The number of COVID-19-positive patients in Los Angeles County hospitals fell back under 600 Saturday, bucking a trend from the past several weeks that has moved the region closer to a possible resurrection of indoor mask-wearing mandates.
According to state figures, there were 571 virus-positive patients in county hospitals as of Saturday, down 45 from Friday’s total. The number of those patients being treated in intensive care was 66, up three from a day earlier.
The hospitalization total had dropped as low as 209 in mid-April.
Health officials have noted that many of the COVID-positive patients were admitted to hospitals for a reason other than the virus, and many only realized they were infected when they were tested upon admission. But county Public Health Director Barbara Ferrer stressed that even though patients may have been admitted for other reasons, the fact they are infected with the virus forces hospitals to take extra precautions to prevent it from spreading, adding to the strain on the health care system overall.
The county and the U.S. Centers for Disease Control and Prevention are keeping close watch on hospital numbers. Los Angeles County is already in the CDC’s “medium” category for virus activity. It will move into the “high” category if its average daily rate of new COVID-related hospital admissions rises above 10 per 100,000 residents, or if the percentage of staffed hospital beds occupied by COVID-positive patients tops 10%.
The figures have both been slowly rising over the past several weeks, with the rate of new admissions reaching 6.4 per 100,000 residents on Thursday, up from 5.2 a week ago. The portion of hospital beds in the county occupied by virus patients was 3.1% as of Thursday, up from 2.7% from a week ago.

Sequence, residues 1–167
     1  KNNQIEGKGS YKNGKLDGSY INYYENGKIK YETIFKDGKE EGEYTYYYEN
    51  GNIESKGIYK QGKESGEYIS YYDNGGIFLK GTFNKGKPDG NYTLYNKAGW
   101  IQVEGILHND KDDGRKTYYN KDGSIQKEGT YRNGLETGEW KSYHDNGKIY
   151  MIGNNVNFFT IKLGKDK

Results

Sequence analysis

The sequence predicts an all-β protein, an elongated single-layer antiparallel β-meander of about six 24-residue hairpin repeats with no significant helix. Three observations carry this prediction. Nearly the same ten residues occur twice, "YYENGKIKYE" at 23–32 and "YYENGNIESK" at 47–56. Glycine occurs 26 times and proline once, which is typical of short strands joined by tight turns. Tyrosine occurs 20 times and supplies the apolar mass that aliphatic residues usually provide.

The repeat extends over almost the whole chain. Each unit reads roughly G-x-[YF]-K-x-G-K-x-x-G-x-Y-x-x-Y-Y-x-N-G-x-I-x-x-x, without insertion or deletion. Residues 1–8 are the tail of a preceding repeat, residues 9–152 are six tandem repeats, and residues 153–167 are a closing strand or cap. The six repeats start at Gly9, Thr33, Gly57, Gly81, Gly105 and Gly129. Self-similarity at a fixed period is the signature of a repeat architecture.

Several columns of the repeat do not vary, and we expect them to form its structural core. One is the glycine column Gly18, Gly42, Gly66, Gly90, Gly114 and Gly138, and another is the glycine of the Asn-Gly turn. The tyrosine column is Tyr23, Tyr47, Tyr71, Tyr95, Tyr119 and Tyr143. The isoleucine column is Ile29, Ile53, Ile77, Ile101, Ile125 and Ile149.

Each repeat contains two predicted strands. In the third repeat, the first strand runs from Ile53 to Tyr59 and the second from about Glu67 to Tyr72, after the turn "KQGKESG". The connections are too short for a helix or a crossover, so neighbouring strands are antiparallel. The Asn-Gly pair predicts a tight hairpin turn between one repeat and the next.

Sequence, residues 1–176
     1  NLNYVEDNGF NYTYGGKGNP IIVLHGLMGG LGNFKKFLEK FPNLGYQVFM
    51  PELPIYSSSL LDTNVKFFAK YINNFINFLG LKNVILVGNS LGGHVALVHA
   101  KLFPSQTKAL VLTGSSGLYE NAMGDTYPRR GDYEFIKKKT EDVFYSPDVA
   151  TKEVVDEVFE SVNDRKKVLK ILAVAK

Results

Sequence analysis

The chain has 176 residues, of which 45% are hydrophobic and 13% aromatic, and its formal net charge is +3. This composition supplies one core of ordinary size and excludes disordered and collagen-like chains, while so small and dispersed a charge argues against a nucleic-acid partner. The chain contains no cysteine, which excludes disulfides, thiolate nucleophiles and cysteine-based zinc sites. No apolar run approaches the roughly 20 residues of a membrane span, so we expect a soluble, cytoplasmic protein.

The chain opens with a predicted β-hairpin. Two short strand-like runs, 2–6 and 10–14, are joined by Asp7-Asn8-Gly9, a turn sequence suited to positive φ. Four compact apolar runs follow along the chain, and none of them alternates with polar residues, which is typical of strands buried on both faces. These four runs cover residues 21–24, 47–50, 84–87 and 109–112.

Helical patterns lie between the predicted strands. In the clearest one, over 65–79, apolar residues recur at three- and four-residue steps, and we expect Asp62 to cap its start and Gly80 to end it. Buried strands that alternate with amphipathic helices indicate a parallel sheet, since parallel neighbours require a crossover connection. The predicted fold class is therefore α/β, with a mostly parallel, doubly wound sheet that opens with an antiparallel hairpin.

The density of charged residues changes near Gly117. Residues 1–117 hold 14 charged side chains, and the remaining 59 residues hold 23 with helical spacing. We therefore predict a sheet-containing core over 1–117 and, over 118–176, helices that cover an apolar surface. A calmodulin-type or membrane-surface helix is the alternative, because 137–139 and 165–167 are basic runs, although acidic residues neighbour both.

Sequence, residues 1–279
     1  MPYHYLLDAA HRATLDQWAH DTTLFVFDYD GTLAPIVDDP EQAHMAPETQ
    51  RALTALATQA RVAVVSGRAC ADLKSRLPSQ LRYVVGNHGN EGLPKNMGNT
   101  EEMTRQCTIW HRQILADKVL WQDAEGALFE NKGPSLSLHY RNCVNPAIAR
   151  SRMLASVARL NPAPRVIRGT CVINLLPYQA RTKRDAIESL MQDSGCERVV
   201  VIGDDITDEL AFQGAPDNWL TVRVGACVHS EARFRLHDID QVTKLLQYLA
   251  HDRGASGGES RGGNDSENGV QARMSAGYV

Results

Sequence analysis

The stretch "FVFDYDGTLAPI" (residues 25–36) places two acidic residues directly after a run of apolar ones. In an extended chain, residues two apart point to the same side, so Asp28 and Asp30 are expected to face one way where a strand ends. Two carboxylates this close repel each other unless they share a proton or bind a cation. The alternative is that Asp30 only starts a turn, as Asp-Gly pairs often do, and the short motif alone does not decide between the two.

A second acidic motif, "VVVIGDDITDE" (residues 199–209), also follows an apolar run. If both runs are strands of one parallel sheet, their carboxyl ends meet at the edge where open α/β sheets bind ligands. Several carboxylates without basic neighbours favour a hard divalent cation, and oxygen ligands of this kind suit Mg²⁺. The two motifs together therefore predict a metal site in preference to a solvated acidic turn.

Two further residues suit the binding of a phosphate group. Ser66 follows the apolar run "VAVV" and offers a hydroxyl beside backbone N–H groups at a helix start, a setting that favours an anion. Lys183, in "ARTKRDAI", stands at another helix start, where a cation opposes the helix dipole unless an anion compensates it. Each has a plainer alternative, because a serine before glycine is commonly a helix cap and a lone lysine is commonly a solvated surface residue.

If the county is moved into the “high” category, it will reimpose a mandatory indoor mask-wearing mandate.
Health officials are already strongly recommending that people wear masks indoors. Masks are still mandatory in high-risk settings such as health-care facilities, aboard transit vehicles and in transit centers, in correctional facilities and at long-term care facilities.
The rise in hospitalizations has followed a sharp increase in the daily number of new COVID infections, driven by highly transmissible variants of the original virus. The most recent variant, BA.2, is now slowly giving way to an offshoot variant dubbed BA.2.12.1, which was detected in more than 40% of recent cases that underwent specialized testing to identify variants.
The rise has become particularly notable at schools and nursing homes, where outbreaks have been rising in recent weeks.
“This sharp increase in cases and outbreaks at (skilled nursing facilities) reflects the increase in transmission in the wider community,” Ferrer said in a statement. “When we strongly recommend universal COVID precautions, one of the reasons is because we all have a collective opportunity to protect the most vulnerable in our community, including residents in nursing homes. While hard working staff can and do take extra measures to prevent transmission at these facilities, if transmission rates are high in the surrounding community, it increases the likelihood that residents and staff will be exposed to infected individuals.
“When we mask and take other protective measures during times of rising COVID cases, we are driving down spread and thereby taking steps to protect all of our residents, including the most vulnerable at our nursing homes.”
The county on Friday reported another 6,202 COVID cases, raising the cumulative total from throughout the pandemic to 3,025,694. Another eight virus-related fatalities were also announced, raising the overall death toll to 32,201.
The average daily rate of people testing positive for the virus was 5% as of Friday.
The county health department does not report COVID data on weekends.